Letter - April 2010





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The Age of Wonder

"The Age of Wonder" is what English historian Richard Holmes called the period between Captain Cook’s first voyage in 1768 and the sailing of Darwin on The Beagle in 1831. In that period scientific experimentation and exploration produced a wondrous new understanding of the physical world. Mungo Park explored Africa and Joseph Banks circumnavigated the world with Captain Cook. William Herschel scanned the skies, discovered Pluto and then went on to build the first forty-foot telescope, a wonder of the age. French aeronauts ascended in hot air balloons drawing crowds as large as 250,000 to the Tuileries Garden in Paris. It was an age of optimism that looked to the future with expectation.

Today we live in a new age of wonder. In contrast to the earlier age, ours is marked by anxiety about the future. The great Obama experiment promises to bring government intervention and regulation into our lives to an unprecedented degree. The crushing weight of government expenditure and debt makes us wonder what the future will bring for our children. Unlike the baby boomers who have enjoyed a standard of living higher than their parents, we wonder if the same will be true for future generations. We wonder whether America will be able to maintain its place in the world, projecting influence in support of its ideals. We wonder what is going to create wealth if it is confiscated by high taxes and consumed by entitlements. As Margaret Thatcher famously said, “The problem with socialism is that eventually you run out of other people's money to spend.” We wonder if the great American experiment is beginning to consume itself.

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Despite these gloomy thoughts, the stock market continues to rally on the growing consensus that the economy is picking up and that a new downturn is unlikely. Though still below pre-crisis levels, corporate profits are strong especially compared with the dismal reports of a year ago, helping fuel stock gains.

One cause for optimism is that individual investors remain skeptical of stocks. Should that change, a flood of money into equities could keep the rally going longer than would otherwise be sustainable. For now, though, investors appear to be very underinvested in equities, preferring bonds for their supposed safety. We consider the perception of bonds as safe to be illusionary. Yields are to our mind unattractively low and bonds with maturities greater than five years are very vulnerable to inflationary pressures that are sure to arrive eventually in the wake of high government deficits. Furthermore, in 2011 the Bush tax cuts expire and top marginal tax rates will rise, taking a further chunk out of pre-tax interest earned. And tax-free municipal bonds are not necessarily an answer. High-tax states like New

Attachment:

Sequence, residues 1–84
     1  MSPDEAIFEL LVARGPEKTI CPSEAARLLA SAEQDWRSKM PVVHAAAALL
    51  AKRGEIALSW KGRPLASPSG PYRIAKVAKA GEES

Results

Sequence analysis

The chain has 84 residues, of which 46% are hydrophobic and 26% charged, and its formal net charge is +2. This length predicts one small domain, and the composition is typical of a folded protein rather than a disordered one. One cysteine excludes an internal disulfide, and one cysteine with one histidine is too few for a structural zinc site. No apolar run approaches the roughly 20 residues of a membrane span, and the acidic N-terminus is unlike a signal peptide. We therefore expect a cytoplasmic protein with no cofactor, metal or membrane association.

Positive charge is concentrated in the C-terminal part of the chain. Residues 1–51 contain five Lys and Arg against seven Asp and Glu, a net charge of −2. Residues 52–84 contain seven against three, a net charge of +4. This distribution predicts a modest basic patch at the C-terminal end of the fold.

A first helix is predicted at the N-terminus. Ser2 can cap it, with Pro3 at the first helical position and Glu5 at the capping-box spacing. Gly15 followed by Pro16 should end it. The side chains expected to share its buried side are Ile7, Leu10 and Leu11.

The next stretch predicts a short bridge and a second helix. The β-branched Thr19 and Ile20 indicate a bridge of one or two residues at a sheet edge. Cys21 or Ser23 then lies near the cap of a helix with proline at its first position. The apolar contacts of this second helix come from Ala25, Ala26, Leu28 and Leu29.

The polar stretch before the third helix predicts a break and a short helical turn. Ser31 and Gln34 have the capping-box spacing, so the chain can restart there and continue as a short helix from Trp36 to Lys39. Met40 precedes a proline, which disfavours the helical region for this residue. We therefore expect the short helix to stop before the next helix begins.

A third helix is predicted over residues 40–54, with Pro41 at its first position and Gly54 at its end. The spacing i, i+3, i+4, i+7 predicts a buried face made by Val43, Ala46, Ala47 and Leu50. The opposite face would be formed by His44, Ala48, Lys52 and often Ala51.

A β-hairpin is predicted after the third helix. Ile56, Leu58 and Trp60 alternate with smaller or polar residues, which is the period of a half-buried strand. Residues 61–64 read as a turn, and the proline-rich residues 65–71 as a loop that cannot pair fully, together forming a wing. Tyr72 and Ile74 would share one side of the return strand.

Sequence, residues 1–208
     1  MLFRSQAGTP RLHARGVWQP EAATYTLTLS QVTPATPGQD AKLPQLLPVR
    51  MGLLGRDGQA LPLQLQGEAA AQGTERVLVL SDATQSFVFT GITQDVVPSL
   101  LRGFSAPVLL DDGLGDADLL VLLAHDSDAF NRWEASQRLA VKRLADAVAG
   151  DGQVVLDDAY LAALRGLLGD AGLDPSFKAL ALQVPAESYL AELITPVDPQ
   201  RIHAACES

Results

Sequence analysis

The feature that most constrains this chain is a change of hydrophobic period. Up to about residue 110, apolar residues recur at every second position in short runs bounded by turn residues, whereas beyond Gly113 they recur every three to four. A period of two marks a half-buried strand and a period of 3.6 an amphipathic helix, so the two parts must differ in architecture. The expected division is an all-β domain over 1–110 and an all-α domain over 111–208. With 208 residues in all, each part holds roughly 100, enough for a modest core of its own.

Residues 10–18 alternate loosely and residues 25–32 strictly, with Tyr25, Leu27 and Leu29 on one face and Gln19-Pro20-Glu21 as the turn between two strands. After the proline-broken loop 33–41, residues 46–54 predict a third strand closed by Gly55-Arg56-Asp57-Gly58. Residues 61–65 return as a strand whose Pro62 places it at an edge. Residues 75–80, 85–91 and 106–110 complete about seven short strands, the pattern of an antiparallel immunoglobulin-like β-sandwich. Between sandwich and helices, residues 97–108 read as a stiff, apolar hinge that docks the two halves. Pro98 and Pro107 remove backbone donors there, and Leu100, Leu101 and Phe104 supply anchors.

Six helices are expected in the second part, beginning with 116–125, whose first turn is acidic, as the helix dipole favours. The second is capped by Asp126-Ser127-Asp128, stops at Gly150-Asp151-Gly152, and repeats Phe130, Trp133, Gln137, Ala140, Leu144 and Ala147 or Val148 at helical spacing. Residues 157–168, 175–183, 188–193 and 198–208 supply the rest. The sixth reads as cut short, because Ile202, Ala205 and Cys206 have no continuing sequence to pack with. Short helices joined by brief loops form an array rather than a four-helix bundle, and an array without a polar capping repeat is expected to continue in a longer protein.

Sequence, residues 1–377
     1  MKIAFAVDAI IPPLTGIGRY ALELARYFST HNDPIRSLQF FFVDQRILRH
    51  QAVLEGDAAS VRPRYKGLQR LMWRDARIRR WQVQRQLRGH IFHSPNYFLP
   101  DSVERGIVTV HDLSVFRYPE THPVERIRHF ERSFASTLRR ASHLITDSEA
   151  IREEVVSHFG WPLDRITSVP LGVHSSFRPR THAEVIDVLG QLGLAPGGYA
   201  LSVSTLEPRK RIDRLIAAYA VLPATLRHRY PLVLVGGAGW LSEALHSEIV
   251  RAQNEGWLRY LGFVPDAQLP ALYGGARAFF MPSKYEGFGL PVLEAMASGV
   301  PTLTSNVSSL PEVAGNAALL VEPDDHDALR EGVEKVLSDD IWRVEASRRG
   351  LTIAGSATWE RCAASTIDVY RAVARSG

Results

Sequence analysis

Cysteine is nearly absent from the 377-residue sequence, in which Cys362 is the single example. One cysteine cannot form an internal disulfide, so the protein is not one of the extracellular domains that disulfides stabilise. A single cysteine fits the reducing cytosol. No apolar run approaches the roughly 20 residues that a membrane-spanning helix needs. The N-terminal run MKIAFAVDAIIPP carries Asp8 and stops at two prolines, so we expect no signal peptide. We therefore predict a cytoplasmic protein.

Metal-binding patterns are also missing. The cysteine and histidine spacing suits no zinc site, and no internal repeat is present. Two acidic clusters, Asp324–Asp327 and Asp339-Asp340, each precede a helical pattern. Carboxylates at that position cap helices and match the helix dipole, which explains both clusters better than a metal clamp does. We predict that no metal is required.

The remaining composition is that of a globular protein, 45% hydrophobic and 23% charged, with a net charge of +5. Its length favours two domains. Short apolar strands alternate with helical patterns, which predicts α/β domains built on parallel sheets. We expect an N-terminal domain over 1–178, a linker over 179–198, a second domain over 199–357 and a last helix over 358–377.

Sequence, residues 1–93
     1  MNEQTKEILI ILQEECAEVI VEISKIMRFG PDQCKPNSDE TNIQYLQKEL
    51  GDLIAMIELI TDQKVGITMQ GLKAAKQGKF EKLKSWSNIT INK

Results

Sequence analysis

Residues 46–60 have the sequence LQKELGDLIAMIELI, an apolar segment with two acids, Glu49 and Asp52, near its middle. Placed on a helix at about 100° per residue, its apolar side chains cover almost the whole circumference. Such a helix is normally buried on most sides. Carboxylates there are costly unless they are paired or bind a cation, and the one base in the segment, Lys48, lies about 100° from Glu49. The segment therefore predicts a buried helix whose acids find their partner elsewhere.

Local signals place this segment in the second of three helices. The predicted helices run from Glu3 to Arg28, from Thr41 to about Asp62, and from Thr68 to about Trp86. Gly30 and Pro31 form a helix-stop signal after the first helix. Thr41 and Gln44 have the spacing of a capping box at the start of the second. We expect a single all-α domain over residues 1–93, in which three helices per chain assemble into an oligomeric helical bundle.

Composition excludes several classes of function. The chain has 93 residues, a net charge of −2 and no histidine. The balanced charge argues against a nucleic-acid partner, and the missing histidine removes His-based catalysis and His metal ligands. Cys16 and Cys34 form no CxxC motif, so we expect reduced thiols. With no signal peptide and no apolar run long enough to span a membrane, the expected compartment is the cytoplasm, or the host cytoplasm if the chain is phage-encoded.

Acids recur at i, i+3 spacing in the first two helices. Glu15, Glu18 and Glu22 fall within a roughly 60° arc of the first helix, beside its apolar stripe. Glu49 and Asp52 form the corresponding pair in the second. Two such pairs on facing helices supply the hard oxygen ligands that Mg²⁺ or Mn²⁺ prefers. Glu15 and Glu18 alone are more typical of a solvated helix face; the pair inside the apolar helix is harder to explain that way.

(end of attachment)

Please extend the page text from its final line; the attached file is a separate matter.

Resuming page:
York and California are struggling with huge deficits too, which raises questions about the quality of their debt. Caveat emptor.

Year-to-date, clients have enjoyed robust performance. Yet we are cautious in our outlook for the market. It has led fundamentals on the way up. Now that fundamentals are looking better, what can the market look forward to?

We are trying to remain disciplined by not selling stocks just because they have gone up. Nonetheless, we do have opinions on what our stocks are worth and will take profits as they approach those targets. We also note, unless Congress acts, next year Federal taxes on qualified dividends will once again be taxed as ordinary income with marginal rates as high as 39.6% compared to a flat 15% rate now. This makes dividends substantially less valuable. We may well lighten up on stocks that are owned primarily for dividends.

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There has been much discussion in the financial press recently about converting a traditional IRA to a Roth IRA. Like a traditional IRA, a Roth enables investors to earn investment income and take capital gains without paying taxes. Unlike a traditional IRA, a Roth enables investors to take distributions without paying future income taxes as well. Herein lies its appeal. Once a Roth is established it is truly a tax-free investment vehicle providing tax-free distributions…unless at some later date the government changes the rules, a not unlikely outcome.

We consider conversion to be attractive under certain circumstances.

If you do not intend to spend the money in your Roth. Once you convert, you cannot withdraw money from your Roth for five years without penalty.

If you have heirs to which you intend to leave the Roth. The Roth is particularly attractive as an estate-planning tool. By leaving a Roth to the next generation, which has a much longer investment horizon, the value of investing tax-free is magnified tremendously. If you are relatively young, that enhances the value even more.

If you can afford to pay the substantial up-front tax. Converting to a Roth is considered a full distribution for tax purposes and therefore the whole value of your IRA is considered taxable. So there is a large up-front tax payment. For many people, this will put them in a high tax bracket for the year in which they convert, resulting in an especially large tax payment for that year. We note that for conversions made in 2010 only, the tax can be paid over two years.

If you are interested in the possibility of converting your traditional IRA to a Roth, we would be glad to discuss it with you in further detail and answer any questions you may have.

Tom Herzig


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